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Archive for 'Downtown Brooklyn'

Update on the Brooklyn Skyscraper District

On December 7, the City Council’s Subcommittee on Landmarks, Public Siting and Maritime Uses held a public hearing on the designation of the Borough Hall Skyscraper Historic District. MAS, along with many preservation groups, including the Brooklyn Heights Association and the New York Landmarks Conservancy, testified in support of the historic district, stating:

“The City has made serious investments into the revitalization and rejuvenation of this part of Brooklyn,  from the Downtown Brooklyn rezoning to the creation of Brooklyn Bridge Park. Continue Reading>>


MAS Urges Council Support of Skyscraper District

Borough Hall Skyscraper Despite being named the “Coolest City on the Planet” by GQ, Brooklyn hasn’t been an independent city for more than a century. But it has a celebrated architectural heritage that equals cities across the country, including a skyscraper district that once rivaled equaled Lower Manhattan’s.  That district, which was designated a historic district by the City’s Landmarks Preservation Commission (LPC), includes an exceptional concentration of late nineteenth and twentieth century commercial skyscrapers ranging from Romanesque to Gothic styles.

On Wednesday, the City Council’s Subcommittee on Landmarks, Public Siting and Maritime Uses will hold a public hearing on the designation of the Borough Hall Skyscraper Historic District. MAS will be testifying in support of the historic district, and invites readers to join us at the hearing, or contact their Councilmember and urge them to uphold the LPC’s designation and the district’s boundaries. Continue Reading>>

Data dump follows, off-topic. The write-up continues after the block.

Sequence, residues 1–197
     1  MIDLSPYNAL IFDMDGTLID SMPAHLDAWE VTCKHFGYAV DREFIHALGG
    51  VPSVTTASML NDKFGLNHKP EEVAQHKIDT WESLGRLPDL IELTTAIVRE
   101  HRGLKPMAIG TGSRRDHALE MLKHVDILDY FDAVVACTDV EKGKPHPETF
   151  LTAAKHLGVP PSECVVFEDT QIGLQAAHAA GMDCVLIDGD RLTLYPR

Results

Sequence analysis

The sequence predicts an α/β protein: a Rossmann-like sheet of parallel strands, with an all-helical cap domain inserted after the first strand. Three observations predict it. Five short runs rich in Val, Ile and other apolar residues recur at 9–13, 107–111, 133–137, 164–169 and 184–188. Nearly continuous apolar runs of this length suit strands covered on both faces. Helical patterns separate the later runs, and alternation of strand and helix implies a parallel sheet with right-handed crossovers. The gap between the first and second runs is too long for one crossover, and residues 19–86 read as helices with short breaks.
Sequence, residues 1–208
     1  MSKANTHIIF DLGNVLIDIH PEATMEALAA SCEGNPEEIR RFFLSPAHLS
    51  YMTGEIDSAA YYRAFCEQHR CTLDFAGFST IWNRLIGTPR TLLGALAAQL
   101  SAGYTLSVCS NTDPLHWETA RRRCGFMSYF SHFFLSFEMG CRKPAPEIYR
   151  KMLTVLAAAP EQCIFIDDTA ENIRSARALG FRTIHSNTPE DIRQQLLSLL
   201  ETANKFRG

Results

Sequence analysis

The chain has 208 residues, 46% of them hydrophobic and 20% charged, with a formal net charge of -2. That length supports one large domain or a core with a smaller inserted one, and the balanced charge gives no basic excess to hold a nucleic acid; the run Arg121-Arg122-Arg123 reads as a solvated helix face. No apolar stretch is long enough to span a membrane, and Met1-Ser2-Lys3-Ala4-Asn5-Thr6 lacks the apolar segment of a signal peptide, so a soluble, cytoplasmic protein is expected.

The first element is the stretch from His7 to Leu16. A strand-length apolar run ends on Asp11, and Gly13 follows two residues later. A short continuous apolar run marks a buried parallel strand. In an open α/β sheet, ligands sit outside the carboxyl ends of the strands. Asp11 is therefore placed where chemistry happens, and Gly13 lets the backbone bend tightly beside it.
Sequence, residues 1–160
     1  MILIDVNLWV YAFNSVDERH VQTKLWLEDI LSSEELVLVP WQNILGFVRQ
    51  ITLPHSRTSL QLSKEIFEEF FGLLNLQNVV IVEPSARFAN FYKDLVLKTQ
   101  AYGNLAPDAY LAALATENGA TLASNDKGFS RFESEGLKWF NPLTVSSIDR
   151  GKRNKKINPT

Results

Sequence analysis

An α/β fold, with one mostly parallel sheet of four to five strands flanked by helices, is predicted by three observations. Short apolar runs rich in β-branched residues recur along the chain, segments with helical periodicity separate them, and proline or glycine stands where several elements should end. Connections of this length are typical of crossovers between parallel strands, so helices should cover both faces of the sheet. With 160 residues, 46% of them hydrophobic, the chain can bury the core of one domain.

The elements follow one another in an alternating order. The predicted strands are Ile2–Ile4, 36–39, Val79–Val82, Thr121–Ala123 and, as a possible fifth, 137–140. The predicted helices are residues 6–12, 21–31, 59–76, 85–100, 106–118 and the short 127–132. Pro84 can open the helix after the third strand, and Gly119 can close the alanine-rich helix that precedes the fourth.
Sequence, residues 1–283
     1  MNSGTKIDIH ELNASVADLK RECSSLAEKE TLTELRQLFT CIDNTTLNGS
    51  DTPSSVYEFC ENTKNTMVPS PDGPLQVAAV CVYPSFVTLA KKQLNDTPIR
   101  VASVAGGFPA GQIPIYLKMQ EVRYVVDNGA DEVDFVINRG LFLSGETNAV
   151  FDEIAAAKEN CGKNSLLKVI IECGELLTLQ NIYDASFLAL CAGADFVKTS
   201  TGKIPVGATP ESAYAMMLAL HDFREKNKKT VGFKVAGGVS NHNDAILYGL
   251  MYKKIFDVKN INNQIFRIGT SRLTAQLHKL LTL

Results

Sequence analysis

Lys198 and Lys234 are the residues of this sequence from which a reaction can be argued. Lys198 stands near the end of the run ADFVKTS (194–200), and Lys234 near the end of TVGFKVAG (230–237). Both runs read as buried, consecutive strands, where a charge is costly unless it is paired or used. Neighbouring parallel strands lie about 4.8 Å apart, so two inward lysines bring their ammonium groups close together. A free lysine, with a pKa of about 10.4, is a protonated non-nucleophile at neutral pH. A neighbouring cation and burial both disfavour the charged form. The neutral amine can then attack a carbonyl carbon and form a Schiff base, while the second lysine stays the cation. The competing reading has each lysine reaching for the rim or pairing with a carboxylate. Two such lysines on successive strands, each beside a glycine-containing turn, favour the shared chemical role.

Watch List Highlights, Friday, March 25, 2011

Disaster Planning: New York City’s “All Hazards Plan”
After the recent earthquake and tsunami in Japan, The New York Times took a look at how New York City would respond in a disaster and how it could best distribute protocols and information to other agencies and the public.

Changing Streets: Happy Birthday, NYC Grid!
Tuesday marked the 200th anniversary of the creation of the Manhattan street grid. Also known as Continue Reading>>


MAS April/May Newsletter/Calendar Now Available

Henry Hogg Biddle House - Photo by Emilio Guerra The MAS April/May newsletter and calendar is hitting mailboxes across the city right now. This issue features MAS Streets Month programs and tours, and our May 11 program on the future of New York City’s skyline.

In addition to our Streets Month tours, there’s a daylong visit to Tottenville in Staten Island, as well as our annual tour of Jane Jacob’s West Village, in honor of Jacobs’ birthday—this year would have been her 95th! Continue Reading>>


Watch List Highlights, Friday, March 18, 2011

Watch List Highlights - Rowing in New York Waterfront: New York’s Sixth Borough